The ability of the mononuclear phagocyte-specific colony-stimulating factor, CSF-1, to down-regulate its receptor on peritoneal exudate macrophages (PEM) was examined. Because of the essentially irreversible binding of CSF-1 to its receptor at 2°C, unoccupied cell surface receptors could be measured by rapidly cooling PEM to 2°C and determining the amount of 125I-CSF-1 bound at this temperature. On incubation with 125I-CSF-1 at 37°C more receptors were lost than could be accounted for by 125I-CSF-1 binding. This receptor loss, apparently caused by CSF-1 itself, was shown to be due in large part to the presence of contaminating lipopolysaccharide (LPS), which at 10 ng/ml was by itself able to cause complete loss of the CSF-1 receptors. LPS also induced loss of the insulin receptor by PEM. LPS did not cause apparent CSF-1 receptor loss by binding to the receptor or by stimulating the release of CSF-1 or substances which complete for the binding of 125I-CSF-1 to the receptor. However, LPS did stimulate release of factos by LPS responsive (C3H/HeN) PEM which caused CSF-1 receptor loss by LPS non-responsive (C3H/HeJ) PEM. In the absence of LPS induced effects, incubation of 125I-CSF-1 with PEM at 37°C resulted in down-regulation of the CSF-1 receptors. The number of CSF-1 receptor sites down-regulated corresponded to the number of CSF-1 molecules that were cell-associated plus the number that were intracellularly degraded and released.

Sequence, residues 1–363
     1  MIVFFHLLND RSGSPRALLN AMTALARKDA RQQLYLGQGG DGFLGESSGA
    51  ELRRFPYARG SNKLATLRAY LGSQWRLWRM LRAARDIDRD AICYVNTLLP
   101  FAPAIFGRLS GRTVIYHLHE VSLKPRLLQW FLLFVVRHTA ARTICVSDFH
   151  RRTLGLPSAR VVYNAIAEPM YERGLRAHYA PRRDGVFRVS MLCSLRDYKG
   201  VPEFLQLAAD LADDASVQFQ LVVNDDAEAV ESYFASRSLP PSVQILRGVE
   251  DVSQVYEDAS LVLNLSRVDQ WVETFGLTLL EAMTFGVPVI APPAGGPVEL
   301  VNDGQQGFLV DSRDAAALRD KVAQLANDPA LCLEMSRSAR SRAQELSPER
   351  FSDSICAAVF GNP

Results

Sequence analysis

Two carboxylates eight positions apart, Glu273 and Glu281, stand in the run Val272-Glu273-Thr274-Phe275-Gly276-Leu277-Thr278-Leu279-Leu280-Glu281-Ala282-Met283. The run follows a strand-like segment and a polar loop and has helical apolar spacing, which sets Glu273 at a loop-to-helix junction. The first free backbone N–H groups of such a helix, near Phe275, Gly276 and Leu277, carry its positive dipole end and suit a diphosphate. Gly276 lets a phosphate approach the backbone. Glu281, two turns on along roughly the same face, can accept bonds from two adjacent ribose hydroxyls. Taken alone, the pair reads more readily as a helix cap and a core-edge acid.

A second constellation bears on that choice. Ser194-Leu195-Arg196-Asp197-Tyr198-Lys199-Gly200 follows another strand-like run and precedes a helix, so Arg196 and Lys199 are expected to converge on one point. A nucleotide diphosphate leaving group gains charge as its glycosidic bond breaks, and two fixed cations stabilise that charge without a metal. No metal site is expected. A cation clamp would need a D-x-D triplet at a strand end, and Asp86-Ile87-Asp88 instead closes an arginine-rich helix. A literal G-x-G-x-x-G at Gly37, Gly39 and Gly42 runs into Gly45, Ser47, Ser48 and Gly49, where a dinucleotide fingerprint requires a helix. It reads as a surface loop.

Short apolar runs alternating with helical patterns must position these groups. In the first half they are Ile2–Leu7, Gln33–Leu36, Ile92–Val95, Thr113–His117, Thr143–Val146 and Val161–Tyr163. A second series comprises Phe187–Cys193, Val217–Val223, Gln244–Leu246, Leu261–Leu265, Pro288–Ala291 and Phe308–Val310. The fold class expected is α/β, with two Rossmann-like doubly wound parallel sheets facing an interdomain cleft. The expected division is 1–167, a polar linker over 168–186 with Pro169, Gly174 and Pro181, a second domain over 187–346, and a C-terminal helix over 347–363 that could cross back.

- colony-stimulating factor (CSF-1)
- growth factor receptors
ASJC Scopus subject areas
- Immunology and Allergy